Anemones are strange creatures. While they look as if they are quite solid (well, ok, made of jelly), they are in fact mostly water. I mean this not in the sophisticated sense that we, too, are mostly water, but in the trivial sense that they are really a sack of skin which they inflate with water. Prick them and they will deflate (in theory: I've not tried this).

Their "skin" is very simple and thin, and the muscles within the skin layer are responsible for the control of their shape. They can shrink and grow their "foot" and wave their tentacles. They can even roam around the tank (albeit slowly). My Pacific Anemone actually dug a hole in the sand in which to live: it took about an hour or so.

They have a central stomach with a single opening which is both mouth and ... er ... well ...

It looks as if their tentacles are being pushed around by the water, but in fact their tentacles are entirely under their control. If you touch the tip of a tentacle with your finger, it sticks to your finger. As you pull away, the tentacle stretches, until it finally snaps back. At that point, the tentacle is drawn rapidly towards the mouth, under the presumption that some food is coming. Some anemone tentacles sting, but they did not sting me.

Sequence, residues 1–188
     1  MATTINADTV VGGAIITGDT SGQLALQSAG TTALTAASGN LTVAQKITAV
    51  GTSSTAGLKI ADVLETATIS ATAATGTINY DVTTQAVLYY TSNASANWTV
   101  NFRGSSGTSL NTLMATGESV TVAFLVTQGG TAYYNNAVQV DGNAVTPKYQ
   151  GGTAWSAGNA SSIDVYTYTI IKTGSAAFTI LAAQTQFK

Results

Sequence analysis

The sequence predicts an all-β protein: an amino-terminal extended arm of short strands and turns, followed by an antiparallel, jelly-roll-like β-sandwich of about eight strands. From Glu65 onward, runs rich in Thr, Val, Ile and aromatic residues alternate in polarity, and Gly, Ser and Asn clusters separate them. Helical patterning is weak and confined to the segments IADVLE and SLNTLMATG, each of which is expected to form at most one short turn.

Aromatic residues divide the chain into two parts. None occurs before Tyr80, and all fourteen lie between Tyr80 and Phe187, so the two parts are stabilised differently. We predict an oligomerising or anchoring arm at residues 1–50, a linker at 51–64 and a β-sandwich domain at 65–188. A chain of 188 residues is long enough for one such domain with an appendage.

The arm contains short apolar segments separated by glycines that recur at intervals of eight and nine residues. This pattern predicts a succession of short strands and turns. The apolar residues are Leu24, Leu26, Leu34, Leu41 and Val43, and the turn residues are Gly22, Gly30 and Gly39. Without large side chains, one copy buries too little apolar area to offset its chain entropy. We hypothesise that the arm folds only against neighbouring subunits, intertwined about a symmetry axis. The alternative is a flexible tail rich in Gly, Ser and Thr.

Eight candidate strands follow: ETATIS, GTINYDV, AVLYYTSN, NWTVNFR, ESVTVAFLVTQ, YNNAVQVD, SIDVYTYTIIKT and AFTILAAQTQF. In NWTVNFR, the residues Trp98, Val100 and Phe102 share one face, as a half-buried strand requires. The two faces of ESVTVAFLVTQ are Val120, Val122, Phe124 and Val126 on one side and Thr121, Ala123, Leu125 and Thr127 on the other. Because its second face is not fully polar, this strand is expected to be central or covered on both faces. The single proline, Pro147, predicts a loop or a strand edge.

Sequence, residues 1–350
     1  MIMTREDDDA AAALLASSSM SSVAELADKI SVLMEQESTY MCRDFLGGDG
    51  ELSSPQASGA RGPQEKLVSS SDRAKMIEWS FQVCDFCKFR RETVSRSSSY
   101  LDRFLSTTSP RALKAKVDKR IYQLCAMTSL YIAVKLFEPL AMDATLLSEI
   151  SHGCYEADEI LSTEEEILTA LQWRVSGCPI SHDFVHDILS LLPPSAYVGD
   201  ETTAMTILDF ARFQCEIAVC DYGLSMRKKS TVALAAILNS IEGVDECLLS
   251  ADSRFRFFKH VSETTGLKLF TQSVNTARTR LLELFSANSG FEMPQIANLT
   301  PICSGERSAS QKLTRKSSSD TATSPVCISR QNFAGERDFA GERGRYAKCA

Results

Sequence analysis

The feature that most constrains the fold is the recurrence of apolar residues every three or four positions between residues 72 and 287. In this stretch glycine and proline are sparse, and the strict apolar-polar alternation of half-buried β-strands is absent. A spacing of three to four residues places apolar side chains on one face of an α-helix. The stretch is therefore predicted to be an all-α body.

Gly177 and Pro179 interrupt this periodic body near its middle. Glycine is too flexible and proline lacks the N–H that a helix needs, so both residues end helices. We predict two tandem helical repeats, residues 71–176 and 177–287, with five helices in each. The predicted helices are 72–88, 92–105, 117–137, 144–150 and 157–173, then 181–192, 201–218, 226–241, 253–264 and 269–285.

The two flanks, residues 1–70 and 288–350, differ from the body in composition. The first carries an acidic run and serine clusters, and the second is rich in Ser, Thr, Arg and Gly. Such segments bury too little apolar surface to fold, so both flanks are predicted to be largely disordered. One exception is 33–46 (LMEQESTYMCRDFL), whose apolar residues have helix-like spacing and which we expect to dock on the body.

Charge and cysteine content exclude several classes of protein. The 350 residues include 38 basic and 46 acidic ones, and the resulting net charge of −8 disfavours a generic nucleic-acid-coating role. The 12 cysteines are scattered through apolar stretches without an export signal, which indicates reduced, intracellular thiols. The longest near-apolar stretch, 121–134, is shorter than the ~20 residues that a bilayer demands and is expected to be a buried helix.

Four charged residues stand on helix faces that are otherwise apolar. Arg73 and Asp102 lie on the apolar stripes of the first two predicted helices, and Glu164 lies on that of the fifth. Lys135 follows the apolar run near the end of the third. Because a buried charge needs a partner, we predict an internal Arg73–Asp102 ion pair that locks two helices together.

I had my first real scare the morning after I purchased my first anemone, a cheap and hardy "Atlantic Anemone". This is what it looked like when I woke up in the morning:

A few hours later, it was much more glorious, as in the following:

Note the slight dimple (actually a bulge) on the surface: this is the "mouth" opening.  At first I thought that this pattern of "full" vs "empty" was related to time of day and/or illumination (I run lights on a timer), but in fact the status of this anemone seems to be more random than anything else.

Here it is again, in a different mood: notice the tall and strong foot, and the wildly waving tentacles.

Here, the foot is not only tall, but broad:

And here it is in a few other moods:

Here, it is expelling something which had been food just an hour before...

You can clearly see the mouth opening in the first photo.

Sometimes I think that it "gets small" as part of its excretory functions.

Here, it almost looks like a sun flower!

I hope you enjoyed this: next time I'll show you photos of my Pacific Anemone.

The Pacific Anemone co-exists with a Clown Fish: they are a very cute pair!